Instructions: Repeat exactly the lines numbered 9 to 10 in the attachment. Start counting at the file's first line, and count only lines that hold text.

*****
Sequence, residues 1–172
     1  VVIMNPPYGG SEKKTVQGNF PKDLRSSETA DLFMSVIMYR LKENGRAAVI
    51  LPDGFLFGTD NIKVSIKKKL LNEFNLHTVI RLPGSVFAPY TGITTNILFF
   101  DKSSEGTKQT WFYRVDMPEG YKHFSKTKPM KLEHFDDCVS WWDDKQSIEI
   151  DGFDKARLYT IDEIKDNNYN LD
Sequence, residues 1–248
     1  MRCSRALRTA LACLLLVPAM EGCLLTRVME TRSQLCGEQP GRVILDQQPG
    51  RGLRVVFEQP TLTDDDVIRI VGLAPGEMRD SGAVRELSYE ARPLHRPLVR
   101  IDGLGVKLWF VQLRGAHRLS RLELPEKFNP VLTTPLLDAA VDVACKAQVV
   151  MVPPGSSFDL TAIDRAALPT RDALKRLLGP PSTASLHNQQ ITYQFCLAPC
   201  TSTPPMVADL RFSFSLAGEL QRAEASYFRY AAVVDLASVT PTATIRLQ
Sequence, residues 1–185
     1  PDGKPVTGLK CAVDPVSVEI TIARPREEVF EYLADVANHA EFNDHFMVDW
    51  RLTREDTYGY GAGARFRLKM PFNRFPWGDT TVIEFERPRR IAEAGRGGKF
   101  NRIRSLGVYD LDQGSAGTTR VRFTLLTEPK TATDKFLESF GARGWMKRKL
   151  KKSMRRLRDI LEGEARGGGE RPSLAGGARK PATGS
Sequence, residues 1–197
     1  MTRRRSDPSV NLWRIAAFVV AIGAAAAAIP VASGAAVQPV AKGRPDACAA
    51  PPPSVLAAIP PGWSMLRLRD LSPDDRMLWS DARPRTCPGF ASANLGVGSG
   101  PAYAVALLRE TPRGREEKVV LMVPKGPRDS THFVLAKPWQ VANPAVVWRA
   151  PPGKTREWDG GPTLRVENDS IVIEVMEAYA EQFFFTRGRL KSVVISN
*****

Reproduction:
   101  IDGLGVKLWF VQLRGAHRLS RLELPEKFNP VLTTPLLDAA VDVACKAQVV
   151  MVPPGSSFDL TAIDRAALPT RDALKRLLGP PSTASLHNQQ ITYQFCLAPC